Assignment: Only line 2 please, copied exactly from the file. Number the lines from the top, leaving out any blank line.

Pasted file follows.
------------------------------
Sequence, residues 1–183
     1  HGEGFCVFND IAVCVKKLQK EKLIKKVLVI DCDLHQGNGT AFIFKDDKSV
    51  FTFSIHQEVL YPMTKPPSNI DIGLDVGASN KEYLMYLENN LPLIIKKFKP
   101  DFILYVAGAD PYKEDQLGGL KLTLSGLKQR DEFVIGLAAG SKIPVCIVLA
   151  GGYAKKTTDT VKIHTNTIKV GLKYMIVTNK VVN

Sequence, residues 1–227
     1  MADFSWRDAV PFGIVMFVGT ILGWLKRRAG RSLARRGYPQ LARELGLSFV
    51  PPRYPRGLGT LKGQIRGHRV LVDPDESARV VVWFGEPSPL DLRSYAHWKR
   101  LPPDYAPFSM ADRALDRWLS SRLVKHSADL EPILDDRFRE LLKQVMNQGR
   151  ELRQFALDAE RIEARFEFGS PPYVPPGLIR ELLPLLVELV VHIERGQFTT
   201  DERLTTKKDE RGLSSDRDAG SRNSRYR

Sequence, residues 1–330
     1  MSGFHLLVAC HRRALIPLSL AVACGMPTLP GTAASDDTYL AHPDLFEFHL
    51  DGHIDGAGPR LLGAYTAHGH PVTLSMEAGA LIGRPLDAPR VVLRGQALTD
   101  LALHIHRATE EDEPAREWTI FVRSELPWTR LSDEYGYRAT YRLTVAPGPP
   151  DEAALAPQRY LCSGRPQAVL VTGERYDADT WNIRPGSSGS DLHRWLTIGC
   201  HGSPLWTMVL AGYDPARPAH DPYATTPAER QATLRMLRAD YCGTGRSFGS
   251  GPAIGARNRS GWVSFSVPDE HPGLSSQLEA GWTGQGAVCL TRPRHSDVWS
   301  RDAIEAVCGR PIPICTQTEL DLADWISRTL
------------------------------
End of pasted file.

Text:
     1  HGEGFCVFND IAVCVKKLQK EKLIKKVLVI DCDLHQGNGT AFIFKDDKSV